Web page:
Transcript and hormone analyses reveal the involvement of ABA-signalling, hormone crosstalk and genotype-specific biological processes in cold‐shock response in wheat

Balázs Kalapos, Petre Dobrev, Tibor Nagy, Pavel Vítámvás, János Györgyey, Gábor Kocsy, Ferenc Marincs, Gábor Galiba

Research output: Article

7 Citations (Scopus)


The effect of one-day cold-shock on the transcriptome and phytohormones (auxin, cytokinins, abscisic, jasmonic and salicylic acids) was characterised in freezing-sensitive (Chinese Spring), highly freezing-tolerant (Cheyenne) and moderately freezing-tolerant (Chinese Spring substituted with Cheyenne's 5A chromosome) wheat genotypes. Altogether, 636 differentially expressed genes responding to cold‐shock were identified. Defence genes encoding LEA proteins, dehydrins, chaperons and other temperature-stress responsive proteins were up‐regulated in a genotype‐independent manner. Abscisic acid was up-regulated by cold accompanied by adherent expression of its metabolic genes. Data revealed the involvement of particular routes within ABA-dependent signalling in response to cold‐shock in the examined genotypes. Cold‐shock affected gene expression along carbohydrate metabolic pathways. In photosynthesis, cold‐shock changed the expression of a number of genes in the same way as it was previously reported for ABA. Overrepresentation analysis of the differentially expressed genes supported the ABA‐signalling and carbohydrate metabolism results, and revealed some pronounced biological process GO categories associated with the cold‐shock response of the genotypes. Protein network analysis indicated differences between the genotypes in the information flow along their signal perception and transduction, suggesting different biochemical and cellular strategies in their reaction to cold‐shock.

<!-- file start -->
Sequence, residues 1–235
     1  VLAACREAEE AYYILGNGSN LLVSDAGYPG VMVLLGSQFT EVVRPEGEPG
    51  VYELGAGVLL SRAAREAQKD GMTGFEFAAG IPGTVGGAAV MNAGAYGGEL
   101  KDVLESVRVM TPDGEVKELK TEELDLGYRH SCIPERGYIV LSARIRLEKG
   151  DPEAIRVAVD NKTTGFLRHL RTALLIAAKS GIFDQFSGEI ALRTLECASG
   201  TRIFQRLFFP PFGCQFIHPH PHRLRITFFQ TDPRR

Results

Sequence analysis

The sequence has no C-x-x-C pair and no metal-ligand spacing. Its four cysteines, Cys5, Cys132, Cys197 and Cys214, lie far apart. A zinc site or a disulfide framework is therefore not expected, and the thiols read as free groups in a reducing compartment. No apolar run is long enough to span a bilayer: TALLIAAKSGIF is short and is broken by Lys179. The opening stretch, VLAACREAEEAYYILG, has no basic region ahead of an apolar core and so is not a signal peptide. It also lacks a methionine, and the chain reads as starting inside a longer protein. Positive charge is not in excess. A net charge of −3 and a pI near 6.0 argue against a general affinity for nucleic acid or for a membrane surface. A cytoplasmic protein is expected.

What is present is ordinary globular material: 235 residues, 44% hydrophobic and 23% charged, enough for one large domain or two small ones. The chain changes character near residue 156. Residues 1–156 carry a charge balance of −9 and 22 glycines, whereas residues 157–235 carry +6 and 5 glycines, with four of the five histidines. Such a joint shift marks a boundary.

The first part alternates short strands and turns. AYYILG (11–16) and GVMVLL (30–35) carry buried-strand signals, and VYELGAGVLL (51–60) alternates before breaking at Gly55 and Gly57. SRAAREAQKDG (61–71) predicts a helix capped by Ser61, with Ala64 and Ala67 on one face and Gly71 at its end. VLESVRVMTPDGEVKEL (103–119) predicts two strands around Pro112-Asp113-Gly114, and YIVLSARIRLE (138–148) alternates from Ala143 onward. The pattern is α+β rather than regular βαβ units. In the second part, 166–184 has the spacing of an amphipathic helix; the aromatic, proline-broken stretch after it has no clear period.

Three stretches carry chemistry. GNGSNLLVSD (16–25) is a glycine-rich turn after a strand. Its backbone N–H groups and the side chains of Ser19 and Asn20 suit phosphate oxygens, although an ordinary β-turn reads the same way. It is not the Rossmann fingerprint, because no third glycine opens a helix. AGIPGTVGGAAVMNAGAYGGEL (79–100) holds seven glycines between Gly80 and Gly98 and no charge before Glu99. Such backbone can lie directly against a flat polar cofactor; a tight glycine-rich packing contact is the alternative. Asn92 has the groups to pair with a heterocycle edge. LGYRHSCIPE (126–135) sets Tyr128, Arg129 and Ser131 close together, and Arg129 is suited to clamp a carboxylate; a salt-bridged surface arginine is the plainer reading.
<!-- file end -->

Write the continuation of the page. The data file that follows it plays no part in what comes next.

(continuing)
Original languageEnglish
Pages (from-to)86-97
Number of pages12
JournalPlant Science
Publication statusPublished - dec. 1 2016


ASJC Scopus subject areas

  • Genetics
  • Agronomy and Crop Science
  • Plant Science

Cite this